The audience was in disbelief when told about the Vinuya decision They could not understand why the Court declared that the waiver of further reparations provided in the San Francisco Peace pact should prevail over the jus cogens norm against rape as a war crime and the duty to provide redress to victims thereof. That the women are entitled to reparations despite the waiver of further reparation has been the consistent position of the United Nations, particularly the Special Rapporteur on violence against women and the Committee on the Elimination of Discrimination Against Women. Since the pendency of Vinuya, the South Korean Constitutional Court has expressed the same opinion. Only recently, the latter ruled that a failure of the South Korean government to espouse their comfort women’s claim is unconstitutional.
Worse, the audience was baffled with our Court’s opinion that rape only became criminal in the 1990s as a result of the decision of the Rwanda tribunal in the case of Prosecutor v. Akayesu. This was what prompted me to instruct my law associates to look at each and every footnote cited by the Court in Vineyard. Simply put, that conclusion was wrong.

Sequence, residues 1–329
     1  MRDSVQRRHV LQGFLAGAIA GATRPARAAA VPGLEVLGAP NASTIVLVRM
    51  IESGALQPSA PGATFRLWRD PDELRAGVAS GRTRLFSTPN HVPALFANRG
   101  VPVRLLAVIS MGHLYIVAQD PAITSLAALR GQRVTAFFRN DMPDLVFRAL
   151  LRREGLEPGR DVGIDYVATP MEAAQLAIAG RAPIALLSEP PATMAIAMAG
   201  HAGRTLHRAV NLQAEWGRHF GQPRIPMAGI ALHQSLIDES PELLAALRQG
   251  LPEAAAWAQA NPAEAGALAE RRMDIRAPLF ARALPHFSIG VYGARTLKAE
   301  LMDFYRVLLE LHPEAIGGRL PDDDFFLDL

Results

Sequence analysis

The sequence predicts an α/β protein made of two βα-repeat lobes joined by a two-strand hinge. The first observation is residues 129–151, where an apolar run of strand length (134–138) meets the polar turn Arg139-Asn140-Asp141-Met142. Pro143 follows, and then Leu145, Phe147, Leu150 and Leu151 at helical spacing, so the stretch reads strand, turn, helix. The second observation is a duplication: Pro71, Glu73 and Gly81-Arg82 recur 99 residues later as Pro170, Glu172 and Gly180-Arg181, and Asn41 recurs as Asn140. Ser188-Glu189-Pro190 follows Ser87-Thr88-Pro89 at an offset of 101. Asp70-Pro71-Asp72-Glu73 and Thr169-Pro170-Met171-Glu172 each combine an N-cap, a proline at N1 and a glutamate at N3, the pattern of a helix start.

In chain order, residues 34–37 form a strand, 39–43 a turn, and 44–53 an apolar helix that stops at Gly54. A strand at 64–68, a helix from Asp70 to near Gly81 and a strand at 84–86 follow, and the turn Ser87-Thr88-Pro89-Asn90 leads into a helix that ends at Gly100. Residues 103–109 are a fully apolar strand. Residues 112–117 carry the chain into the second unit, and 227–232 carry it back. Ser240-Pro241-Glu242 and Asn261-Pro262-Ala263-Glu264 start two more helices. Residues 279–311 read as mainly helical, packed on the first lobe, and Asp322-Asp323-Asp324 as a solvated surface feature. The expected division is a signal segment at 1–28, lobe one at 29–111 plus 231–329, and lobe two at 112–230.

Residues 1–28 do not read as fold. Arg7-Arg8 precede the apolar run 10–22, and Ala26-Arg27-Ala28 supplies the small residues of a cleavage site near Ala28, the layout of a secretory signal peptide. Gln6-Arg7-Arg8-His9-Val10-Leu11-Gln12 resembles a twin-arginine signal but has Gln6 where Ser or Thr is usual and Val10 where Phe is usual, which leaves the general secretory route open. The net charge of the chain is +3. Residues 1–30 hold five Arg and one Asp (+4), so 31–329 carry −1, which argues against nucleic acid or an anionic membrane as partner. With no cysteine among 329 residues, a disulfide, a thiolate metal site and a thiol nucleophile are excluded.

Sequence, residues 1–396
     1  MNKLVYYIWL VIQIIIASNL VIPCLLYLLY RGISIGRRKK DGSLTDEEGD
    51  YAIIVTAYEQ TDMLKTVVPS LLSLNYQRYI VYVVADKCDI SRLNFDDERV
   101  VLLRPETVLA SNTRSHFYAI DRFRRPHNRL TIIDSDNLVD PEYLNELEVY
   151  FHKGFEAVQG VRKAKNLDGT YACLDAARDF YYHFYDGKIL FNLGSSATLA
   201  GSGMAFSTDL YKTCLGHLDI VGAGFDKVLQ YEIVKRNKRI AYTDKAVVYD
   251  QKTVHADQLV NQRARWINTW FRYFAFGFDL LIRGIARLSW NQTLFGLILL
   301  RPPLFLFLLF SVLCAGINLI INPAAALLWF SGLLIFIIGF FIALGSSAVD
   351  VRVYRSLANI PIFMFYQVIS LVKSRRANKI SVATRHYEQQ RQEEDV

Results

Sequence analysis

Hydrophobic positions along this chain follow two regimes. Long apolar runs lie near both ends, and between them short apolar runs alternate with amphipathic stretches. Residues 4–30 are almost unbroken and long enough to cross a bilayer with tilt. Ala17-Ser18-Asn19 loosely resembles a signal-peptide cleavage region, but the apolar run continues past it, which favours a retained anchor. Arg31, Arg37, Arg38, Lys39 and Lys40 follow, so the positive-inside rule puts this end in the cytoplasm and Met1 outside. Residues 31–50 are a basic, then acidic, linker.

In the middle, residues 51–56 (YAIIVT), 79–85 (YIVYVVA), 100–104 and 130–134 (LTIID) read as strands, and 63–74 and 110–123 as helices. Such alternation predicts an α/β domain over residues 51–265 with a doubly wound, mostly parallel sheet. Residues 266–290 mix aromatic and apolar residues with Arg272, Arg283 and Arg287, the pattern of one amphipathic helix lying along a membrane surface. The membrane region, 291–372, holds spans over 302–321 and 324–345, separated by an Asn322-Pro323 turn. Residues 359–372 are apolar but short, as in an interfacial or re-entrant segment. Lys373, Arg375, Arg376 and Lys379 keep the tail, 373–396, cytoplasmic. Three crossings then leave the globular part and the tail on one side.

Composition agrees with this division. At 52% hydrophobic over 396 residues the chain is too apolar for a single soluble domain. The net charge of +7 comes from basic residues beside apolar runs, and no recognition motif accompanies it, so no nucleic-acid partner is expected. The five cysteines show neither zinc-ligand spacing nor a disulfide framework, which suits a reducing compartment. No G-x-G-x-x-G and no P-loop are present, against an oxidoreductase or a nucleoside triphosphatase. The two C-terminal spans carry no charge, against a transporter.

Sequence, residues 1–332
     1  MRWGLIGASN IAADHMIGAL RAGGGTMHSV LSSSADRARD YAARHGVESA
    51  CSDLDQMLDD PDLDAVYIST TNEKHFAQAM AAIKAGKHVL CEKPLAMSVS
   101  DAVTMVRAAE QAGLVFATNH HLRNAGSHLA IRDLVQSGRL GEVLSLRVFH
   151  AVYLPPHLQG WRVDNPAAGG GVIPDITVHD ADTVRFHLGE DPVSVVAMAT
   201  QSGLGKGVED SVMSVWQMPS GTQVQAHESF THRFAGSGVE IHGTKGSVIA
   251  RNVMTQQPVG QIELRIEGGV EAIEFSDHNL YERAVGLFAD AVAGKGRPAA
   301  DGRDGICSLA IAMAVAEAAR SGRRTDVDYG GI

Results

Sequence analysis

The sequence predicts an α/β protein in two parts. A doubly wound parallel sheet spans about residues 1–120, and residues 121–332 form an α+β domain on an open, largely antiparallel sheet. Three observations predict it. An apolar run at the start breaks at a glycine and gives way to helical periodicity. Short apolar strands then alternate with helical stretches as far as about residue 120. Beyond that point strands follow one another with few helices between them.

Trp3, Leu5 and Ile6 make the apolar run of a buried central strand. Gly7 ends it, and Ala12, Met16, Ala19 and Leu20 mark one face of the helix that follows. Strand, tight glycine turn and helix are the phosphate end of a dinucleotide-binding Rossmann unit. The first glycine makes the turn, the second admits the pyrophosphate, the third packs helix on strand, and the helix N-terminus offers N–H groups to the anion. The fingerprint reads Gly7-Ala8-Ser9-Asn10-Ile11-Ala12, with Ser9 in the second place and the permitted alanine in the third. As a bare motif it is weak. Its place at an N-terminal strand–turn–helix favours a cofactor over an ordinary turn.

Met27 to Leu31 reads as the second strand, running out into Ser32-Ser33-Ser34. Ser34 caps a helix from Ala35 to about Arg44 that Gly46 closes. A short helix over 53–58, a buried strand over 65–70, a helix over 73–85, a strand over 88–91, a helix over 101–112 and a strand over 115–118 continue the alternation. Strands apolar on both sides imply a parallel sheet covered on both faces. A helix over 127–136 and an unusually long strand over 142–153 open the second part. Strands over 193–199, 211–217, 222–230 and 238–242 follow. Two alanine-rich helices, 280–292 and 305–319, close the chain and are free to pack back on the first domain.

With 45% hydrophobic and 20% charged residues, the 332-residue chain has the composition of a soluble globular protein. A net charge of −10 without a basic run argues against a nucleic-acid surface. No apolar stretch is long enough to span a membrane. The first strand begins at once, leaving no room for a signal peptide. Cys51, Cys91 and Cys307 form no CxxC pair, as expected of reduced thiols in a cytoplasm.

Back to the Congressional hearing, much of the time spent prior to the voting on the existence of probable cause was whether the plagiarism and the twisting complained of by the complainants were serious enough to warrant impeachment. The chairman of the committee, Rep Neil Tupas, started the hearing by reading from the proceedings of the constitutional commission. It was clear from what Tupas read that betrayal of public trust as a impeachable offense is new. It was added to include acts which may not be criminal- but could still affect the fitness of an impeachable officer to hold office.
Yesterday’s ruling was ground breaking not only insofar as the Lolas’ quest for justice is concerned. In Roque v. De Venecia, our Court ruled that the definition of betrayal of pubic trust is beyond the ambit of judicial review and is a political question, The question was given an answer yesterday: 32 counts of plagiarism and the twisting perpetrated by Justice Del Castillo in Vinuya, albeit allegedly without intent, constitute betrayal of public trust.
Future magistrates, beware.